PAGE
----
One of the most important natural resources in the Strathbogie Ranges is accessible, good quality and plentiful groundwater. Many of us rely on groundwater to fill dams and tanks and it’s critical for maintaining the health of our creeks and wetlands. The importance of groundwater in the Strathbogies was highlighted by the Millenium Drought, when many bores, dams and wetlands dried up.
It may come as a surprise, but the groundwater resources in the Strathbogie Ranges are currently poorly understood. To improve our understanding we are embarking on a long-term groundwater monitoring program. Many landholders in the Stratbogie Ranges have a groundwater bore, either for stock and domestic use, or for irrigation. These bores provide a window for observing changes in groundwater.
In 2010, University of Melbourne researchers completed an investigation into the hydrology of groundwater-dependent wetlands on the Tableland and the Arthur Rylah Institute examined the floristic values of wetlands in the Strathbogie Ranges. Now, a multi-year investigation examining the nature of the groundwater system on the Strathbogie Tableland is being conducted by University of Melbourne. This research will build on previous projects, run parallel to the community surveys and improve our understanding of how the broader groundwater system in the Strathbogies operates.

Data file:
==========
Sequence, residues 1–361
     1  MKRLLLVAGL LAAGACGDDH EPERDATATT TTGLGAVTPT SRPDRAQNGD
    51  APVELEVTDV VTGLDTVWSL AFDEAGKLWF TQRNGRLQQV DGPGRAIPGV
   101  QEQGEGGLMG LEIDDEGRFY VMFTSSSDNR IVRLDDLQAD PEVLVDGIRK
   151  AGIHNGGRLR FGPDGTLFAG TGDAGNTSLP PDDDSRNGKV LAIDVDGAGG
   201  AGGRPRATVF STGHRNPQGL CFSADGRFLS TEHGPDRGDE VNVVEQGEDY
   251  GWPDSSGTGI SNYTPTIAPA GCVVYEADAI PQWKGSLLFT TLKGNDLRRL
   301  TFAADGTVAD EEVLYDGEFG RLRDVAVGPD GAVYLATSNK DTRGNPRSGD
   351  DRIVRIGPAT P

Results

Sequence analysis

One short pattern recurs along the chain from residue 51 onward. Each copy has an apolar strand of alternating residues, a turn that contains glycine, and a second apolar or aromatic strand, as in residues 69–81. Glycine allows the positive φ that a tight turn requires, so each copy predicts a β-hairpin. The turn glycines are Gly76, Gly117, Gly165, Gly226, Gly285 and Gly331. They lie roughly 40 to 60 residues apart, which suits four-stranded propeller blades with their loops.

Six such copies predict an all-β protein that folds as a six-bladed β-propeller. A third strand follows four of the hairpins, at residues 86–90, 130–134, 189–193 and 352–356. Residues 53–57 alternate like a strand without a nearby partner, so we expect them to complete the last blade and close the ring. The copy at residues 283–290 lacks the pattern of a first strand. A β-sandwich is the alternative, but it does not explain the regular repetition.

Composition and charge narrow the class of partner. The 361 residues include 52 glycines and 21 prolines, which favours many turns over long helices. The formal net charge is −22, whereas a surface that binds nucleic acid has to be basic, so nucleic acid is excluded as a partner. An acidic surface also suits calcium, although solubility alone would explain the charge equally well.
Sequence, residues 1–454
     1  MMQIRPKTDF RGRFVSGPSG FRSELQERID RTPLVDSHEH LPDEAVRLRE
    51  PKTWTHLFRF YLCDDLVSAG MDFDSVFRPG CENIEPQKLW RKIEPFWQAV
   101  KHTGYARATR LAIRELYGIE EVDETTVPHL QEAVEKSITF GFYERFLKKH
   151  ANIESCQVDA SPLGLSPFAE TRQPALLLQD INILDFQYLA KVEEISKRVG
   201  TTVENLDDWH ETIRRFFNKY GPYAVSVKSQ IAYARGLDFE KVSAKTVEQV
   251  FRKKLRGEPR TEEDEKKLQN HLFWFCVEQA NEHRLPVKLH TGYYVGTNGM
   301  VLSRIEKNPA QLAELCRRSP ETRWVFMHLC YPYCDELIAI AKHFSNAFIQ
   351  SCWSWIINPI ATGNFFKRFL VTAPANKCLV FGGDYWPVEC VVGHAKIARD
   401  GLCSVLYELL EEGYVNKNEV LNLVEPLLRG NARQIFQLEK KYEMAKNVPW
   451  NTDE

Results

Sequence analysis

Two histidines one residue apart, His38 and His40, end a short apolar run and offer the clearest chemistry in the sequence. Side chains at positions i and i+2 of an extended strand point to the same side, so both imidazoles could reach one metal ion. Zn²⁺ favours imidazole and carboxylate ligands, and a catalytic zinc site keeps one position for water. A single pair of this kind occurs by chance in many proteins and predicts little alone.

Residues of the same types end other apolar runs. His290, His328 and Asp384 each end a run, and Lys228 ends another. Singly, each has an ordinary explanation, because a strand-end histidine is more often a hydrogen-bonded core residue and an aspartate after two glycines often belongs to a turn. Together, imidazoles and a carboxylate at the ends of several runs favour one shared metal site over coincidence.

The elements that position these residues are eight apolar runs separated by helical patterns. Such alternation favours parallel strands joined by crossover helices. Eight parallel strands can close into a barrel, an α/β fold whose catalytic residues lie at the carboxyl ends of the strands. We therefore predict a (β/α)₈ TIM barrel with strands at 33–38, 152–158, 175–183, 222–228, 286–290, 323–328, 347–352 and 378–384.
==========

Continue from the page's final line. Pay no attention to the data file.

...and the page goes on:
The community project will use a combination of fully automated monitoring and manual ‘bore-dipping’ equipment to measure seasonal changes in the depth of groundwater.
The project will collect general groundwater information from bores in different parts of the Strathbogie Ranges, as well as detailed information from bores in the Seven Creeks catchment above Polly McQuinn’s reservoir.
This a partnership project with the Gecko CLaN Landcare Network and is supported by the Goulburn Broken Catchment Management Authority and the Vctorian Government.
B. Lobert March 2019